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Lessons From The Love Masters


Scientists at Relationship Research Institute have been studying couples for 35 years. Here, we show you how to use their predictive research to establish your own happy, successful relationship.

By Margot Carmichael Lester

ometimes, understanding how love works feels more like rocket science than romance, especially when Cupid’s actions defy explanation and you feel like you need an advanced degree just to get farther than three dates with somebody new.

Happily, scientists at the Relationship Research Institute in Seattle have made it their job to rigorously study relationships of all types to help others understand what makes some of them
Be willing to accept influences from each other.
successful — and what causes other relationships to fail. Using the RRI’s predictive research can help you make better decisions about dating.

The RRI was founded in 1998 by University of Washington psychologist Dr. John Gottman to serve a home base for his 35 years of research covering human relationships. Gottman is the author of many books, including The Relationship Cure: A 5 Step Guide to Strengthening Your Marriage, Family, and Friendships. After decades of studying various romantic couplings, Gottman used his findings to develop the “Sound Relationship House Theory,” which distills the behaviors he observed in couples who enjoyed satisfying, healthy relationships.

“We call these couples the ‘masters’ of relationships,” explains Renay Cleary Bradley, RRI’s director of research. “The masters have taught us many things about what couples who are in healthy relationships do, and what couples who would like to be in healthy relationships can do to build and maintain those relationships that last a lifetime.”

Bradley advises being on the lookout for the “four horsemen of the apocalypse” for daters:
  1. Criticism
  2. Defensiveness
  3. Contempt
  4. Stonewalling (shutting down communication)
“Research from our lab shows that couples who have a tendency to elicit these behaviors during their interactions are more likely to get divorced,” she says. That’s why it makes sense to look for these red flags when you’re interacting with a current or potential love interest.

Friendship and Sharing
It sounds like a schmaltzy greeting card, but RRI studies show that the foundation of the successful relationship “house” is built on friendship and sharing both fondness and admiration for each other. “To maintain a healthy, happy relationship, couples of all types — whether they’re dating or married — should try to establish a close friendship and be willing to accept influences from each other,” Bradley says. And not simply because you’ll be spending a lot of time together, suggests Marla Martenson, a matchmaker and dating coach in Beverly Hills: “When you’re accepted for who you are and appreciated and respected, trust builds and the relationship flourishes.”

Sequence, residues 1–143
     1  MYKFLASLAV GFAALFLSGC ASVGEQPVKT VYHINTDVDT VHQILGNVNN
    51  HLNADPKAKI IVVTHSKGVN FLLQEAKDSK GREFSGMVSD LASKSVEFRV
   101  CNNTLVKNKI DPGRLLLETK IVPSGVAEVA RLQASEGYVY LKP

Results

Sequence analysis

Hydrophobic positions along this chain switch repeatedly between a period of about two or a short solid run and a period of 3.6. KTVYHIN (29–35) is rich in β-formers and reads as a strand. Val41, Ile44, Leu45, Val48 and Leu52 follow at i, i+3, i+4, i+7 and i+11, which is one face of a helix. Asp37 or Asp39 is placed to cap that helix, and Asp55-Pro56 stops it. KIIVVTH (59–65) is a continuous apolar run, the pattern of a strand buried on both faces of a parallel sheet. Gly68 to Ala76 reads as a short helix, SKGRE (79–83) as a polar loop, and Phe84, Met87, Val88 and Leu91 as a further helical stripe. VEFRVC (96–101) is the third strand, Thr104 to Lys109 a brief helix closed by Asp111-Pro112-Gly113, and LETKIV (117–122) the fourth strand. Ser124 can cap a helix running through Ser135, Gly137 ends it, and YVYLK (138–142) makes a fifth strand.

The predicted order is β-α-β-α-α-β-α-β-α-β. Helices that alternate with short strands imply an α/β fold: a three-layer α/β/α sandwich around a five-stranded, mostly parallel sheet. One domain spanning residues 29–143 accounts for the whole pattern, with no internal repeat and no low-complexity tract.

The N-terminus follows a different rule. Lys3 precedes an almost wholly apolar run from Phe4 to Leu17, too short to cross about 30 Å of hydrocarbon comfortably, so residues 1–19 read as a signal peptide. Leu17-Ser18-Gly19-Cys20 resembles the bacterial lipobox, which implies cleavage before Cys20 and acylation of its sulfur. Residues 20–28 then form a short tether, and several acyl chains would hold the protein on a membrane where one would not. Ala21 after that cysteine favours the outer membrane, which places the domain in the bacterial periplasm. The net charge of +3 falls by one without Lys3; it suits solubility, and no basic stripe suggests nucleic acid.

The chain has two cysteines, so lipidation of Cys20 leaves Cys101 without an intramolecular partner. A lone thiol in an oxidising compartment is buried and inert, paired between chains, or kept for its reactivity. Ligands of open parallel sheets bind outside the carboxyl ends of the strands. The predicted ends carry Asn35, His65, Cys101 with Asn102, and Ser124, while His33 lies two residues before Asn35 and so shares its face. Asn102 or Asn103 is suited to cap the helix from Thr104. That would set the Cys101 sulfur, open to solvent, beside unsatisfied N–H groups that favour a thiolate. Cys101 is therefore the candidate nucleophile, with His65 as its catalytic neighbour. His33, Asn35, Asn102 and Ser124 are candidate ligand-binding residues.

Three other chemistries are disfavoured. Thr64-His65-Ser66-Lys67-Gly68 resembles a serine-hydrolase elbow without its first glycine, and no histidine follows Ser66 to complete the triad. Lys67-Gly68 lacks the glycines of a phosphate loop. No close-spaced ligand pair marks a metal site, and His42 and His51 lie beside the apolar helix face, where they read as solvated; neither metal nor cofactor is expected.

Using RRI’s research, look for these key elements in your interactions with your love interest:
  • Each of you is genuinely interested each others’ day-to-day lives, dreams, goals, likes/dislikes, and so on.
  • You ask each other open-ended questions, prompting for more information and details.
  • You show signs of affection like smiling, laughing, touching, holding hands, etc.
If one of you isn’t engaging in this kind of behavior, it’s probably a
Interacting positively is also a crucial component of any successful romance.
sign that you don’t need to keep dating. Why? Because you’re not exhibiting signs that you actually like each other!

Positive Communications
Interacting positively is also a crucial component of any successful romance. “The masters of relationships show their fondness and admiration for one another, even when they disagree,” Bradley notes. “Our research shows that stable relationships have a 5-to-1 ratio between positive and negative communications.” And guess what — that includes fights! So when you and your partner aren’t seeing eye-to-eye on something, try:
  • Approaching the conflict calmly and with empathy.
  • Talking about your feelings, not the other person’s actions.
  • Avoiding making accusations.
Here’s an example from Carl Sheperis, director of doctoral programs for the School of Counseling and Social Services, Walden University: “If I say, ‘I was disappointed that you didn’t call when you were going to be late,’ then I’m describing my own feelings and experience. However, if I say, ‘You are always late and just don’t care enough to call,’ then I am criticizing my partner. The latter is much more likely to spark an argument.”

If there’s more negative than positive going on in your relationship, it’s time to bail. You don’t want to spend the rest of your life with someone who treats you this way. After all, notes Thomas Edwards, dating and lifestyle coach and founder of The Professional Wingman, “To maintain any relationship, both people have to put in the effort to make the other person feel safe, happy and most of all, loved.”

When applied, RRI’s predictive research can help you avoid bad relationships and build great ones. “Our research shows that both couples and individuals can learn the skills needed to build a sound, stable ‘relationship house,’” Bradley says. “Struggling singles searching for the right person can start to build these skills now — even without a partner. This will enable you to use these skills right from the start so that all potential relationships will automatically begin on the right track.”


Margot Carmichael Lester, a freelance writer based in North Carolina, also writes for Florida Weddings and Hemispheres and online for Monster.com, Elance.com and others.
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